Daily Fantasy Strategy – 7/3 – For Draftstreet

I really wanted to recommend Max Scherzer right off the top today, but I can’t bring myself to do it. He costs $20,513 in DraftStreet budget, nearly 21% of your total budget, and I just can’t tell you, the reader, to invest a fifth of your purse on one player. Even if the Jays are possibly without Edwin Encarnacion and Adam Lind, and even if they did play Munenori Kawasaki at designated hitter yesterday. Can’t do it.

You can get away with a $15k pitcher if you’re frugal elsewhere. But when you get up to the $20k level, you’re basically forced to start, say, a P.J. Walters in the other SP slot just so you can employ actual batters in your line up.

And at 20% of your budget, a guy like Scherzer (or Matt Harvey, who comes in at $250 less against the Diamondbacks) would have to get at minimum eight fantasy points to just return 20% of your expected points (and that’s in a double-up format where your goal is 40 points, not maximizing necessarily).

To get to eight points, a pitcher probably needs to go at least seven innings with seven strikeouts, allowing for two earned runs, five hits and a walk. That’s a pretty darn good line to be set as the break-even point on a player. There have only been 156 instances all season (about 6.4% of all pitcher starts) where a starter has allowed six base runners or less with three earned runs or less and seven innings and strikeouts each.

I just can’t justify setting the break-even point at the 94th percentile of pitching performances. Even if Scherzer mows down the Jays for 12 strikeouts tomorrow, I won’t regret not going all-in on such a hard-to-profit proposition.

The Daily Five
Roberto Hernandez – $8,757
He’ll be Faust0 Carm0na on Wednesday. The 4.98 ERA isn’t great but it has a slightly better 4.50 ERA underneath it, plus a 3.46 xFIP if he could ever get the long ball under control. But he gets strikeouts, doesn’t walk anybody and is good for six innings, which is all you can ask from the fifth cheapest pitcher on the docket. He also gets the Astros, who have the second lowest wOBA against righties in baseball at .284, plus the league’s highest strikeout rate against them at 25%.

Randall Delgado – $10,198
You’ll be watching Matt Harvey anyway, so why not give the former Braves prospect a look? The Mets have a 22.4% strikeout rate against northpaws and just a 2.95 wOBA, making them almost as safe as the Astros. Delgado has a similar profile to Hernandez, with an appreciable K-rate and a tiny walk rate but with some gopheritis. The Mets are a friendly play for such a pitcher.

Travis Hafner – $7,641
It’s P.J. Walters, so I’d love to load up on Yankees. However, Robinson Cano and Zoilo Almonte come at a steep price, Brett Gardner is unlikely to steal (the Twins do a great job controlling the running game) and nobody else is any good of late. Even though Walters has reverse splits this year, he’s been equally friendly to all hitters for his career. Pronk’s got the right batted ball profile this year and his pop hasn’t deteriorated as much as you might think (.209 ISO), so give him a shot.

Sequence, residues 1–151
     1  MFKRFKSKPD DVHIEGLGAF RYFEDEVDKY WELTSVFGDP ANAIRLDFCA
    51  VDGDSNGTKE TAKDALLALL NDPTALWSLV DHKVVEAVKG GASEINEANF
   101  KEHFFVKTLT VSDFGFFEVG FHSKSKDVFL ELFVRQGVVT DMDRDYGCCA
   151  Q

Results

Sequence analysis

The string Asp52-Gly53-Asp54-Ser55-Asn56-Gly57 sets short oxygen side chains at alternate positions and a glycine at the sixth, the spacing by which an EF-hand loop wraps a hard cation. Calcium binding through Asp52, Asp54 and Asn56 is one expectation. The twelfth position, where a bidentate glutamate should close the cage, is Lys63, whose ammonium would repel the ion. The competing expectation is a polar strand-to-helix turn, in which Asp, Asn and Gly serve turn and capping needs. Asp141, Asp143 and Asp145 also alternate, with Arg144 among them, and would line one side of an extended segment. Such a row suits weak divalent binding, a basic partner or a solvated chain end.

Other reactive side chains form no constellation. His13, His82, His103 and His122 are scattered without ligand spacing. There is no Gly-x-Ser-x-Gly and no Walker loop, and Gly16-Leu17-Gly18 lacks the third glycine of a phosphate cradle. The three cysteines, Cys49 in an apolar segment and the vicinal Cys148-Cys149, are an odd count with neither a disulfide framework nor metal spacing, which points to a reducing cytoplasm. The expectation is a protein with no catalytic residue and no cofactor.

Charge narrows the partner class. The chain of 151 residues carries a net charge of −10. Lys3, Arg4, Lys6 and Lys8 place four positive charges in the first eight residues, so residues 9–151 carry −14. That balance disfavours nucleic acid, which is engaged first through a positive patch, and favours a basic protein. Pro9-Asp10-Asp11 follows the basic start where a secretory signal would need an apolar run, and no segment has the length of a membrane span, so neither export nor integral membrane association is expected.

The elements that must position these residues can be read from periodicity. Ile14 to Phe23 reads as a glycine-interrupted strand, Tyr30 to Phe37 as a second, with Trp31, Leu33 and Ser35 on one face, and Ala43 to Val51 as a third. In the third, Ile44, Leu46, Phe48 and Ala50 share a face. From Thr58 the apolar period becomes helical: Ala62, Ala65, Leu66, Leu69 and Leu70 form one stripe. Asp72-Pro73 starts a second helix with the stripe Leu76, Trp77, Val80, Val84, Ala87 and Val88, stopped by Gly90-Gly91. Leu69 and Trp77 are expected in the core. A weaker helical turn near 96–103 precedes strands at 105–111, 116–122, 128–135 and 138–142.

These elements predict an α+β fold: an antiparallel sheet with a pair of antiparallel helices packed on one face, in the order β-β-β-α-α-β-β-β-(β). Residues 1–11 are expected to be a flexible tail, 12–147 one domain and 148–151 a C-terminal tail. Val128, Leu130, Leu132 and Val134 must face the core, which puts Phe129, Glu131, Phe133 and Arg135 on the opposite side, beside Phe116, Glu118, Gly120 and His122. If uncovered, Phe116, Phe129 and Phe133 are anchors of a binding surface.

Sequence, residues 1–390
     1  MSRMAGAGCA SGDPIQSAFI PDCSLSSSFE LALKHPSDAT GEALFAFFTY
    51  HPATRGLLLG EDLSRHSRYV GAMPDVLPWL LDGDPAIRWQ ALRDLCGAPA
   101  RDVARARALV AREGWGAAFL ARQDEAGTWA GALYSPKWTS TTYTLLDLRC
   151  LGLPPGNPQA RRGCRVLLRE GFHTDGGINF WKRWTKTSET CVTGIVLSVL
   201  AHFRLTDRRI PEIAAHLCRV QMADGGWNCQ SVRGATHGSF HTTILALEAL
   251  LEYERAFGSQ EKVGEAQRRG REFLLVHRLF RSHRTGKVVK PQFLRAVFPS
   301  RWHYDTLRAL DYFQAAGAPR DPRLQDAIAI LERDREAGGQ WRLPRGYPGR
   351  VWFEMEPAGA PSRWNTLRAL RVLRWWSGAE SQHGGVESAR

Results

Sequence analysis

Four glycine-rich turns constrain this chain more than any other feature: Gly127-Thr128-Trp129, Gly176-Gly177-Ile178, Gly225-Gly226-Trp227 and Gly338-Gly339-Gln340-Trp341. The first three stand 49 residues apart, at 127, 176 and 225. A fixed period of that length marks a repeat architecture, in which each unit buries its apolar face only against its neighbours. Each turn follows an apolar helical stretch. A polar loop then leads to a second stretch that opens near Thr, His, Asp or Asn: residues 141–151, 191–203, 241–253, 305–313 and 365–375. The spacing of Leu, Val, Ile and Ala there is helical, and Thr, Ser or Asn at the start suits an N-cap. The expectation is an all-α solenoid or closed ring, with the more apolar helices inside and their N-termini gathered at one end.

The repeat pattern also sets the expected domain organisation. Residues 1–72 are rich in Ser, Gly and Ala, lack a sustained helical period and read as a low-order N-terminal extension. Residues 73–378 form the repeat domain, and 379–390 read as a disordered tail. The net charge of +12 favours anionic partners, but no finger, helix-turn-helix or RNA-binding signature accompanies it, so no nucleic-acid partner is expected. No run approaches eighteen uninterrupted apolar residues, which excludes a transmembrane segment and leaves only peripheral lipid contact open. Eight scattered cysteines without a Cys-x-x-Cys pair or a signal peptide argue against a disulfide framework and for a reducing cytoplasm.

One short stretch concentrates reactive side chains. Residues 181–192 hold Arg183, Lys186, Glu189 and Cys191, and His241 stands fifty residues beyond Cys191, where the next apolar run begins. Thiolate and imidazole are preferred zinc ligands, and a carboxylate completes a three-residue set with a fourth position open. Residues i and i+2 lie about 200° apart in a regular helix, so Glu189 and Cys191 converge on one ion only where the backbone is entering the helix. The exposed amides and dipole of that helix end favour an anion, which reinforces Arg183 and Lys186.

Alex Gordon – $6,068
Scott Kazmir has been death to lefties this year, so I understand if you want to avoid Gordon (or even Hosmer, who is also close to split-neutral). But Alex Gordon has destroyed lefties so far this year and most of his career split came from his pre-success years. Gordon is fine against lefties, but his price is driven down by the lefty-lefty match-up. Is Scott Kazmir really the guy you want to avoid in daily leagues when dialing up Gordon leaves you an extra couple grand elsewhere?

Joey Votto – $8,002
The Reds draws Barry Zito, who, while he’s improved in this regard, gives up too many fly balls to trust at Great American Ballpark. Votto’s price is depressed because of the lefty-lefty thing, but Zito isn’t a pitcher who shows much of a platoon split over the past few years, bouncing between favouring each side. Votto, meanwhile, is Joey Votto and is up at a price point below the average DraftStreet player. They shouldn’t make it this easy.

Bonus pick: Kyle Blanks is a nice choice, too, that I realized after writing. Righty, Fenway, Lester.

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This post, covering one of the leading sites for daily fantasy, is sponsored and made possible by the generous support of Draftstreet. FanGraphs maintains complete editorial control of the postings, and brings you these posts in a continued desire to provide the best analytical information on the latest in baseball.

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Blake Murphy is a freelance sportswriter based out of Toronto. Formerly of the Score, he's the managing editor at Raptors Republic and frequently pops up at Sportsnet, Vice, and around here. Follow him on Twitter @BlakeMurphyODC.

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Nate Miller

DraftStreet has made Jeremy Guthrie their royal-blue light special of the day. Now I realize he is facing a pretty solid Cleveland lineup that is 4th in the AL in runs per game and now in first place with their current 5 game winning streak, but the Indians are carrying just a .255 AVG with a 22% K rate against RH Starters. With only a rate of 4.4 K/9, you aren’t rostering Guthrie for strikeouts. However, spending $6,771 on a pitcher sporting a 3.02 ERA over his last 16 starts at Kaufman Stadium and clearing a minimum of 6 innings in 25 of 28 starts is a steal. Keep in mind that the veteran righty also picked up a victory earlier this season vs. the Tribe with 6+ shutout innings.